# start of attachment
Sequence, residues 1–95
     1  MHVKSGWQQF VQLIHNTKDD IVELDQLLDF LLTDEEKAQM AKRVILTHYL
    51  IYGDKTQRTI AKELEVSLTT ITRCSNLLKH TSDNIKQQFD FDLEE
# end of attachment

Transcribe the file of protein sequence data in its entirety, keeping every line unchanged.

Sequence, residues 1–95
     1  MHVKSGWQQF VQLIHNTKDD IVELDQLLDF LLTDEEKAQM AKRVILTHYL
    51  IYGDKTQRTI AKELEVSLTT ITRCSNLLKH TSDNIKQQFD FDLEE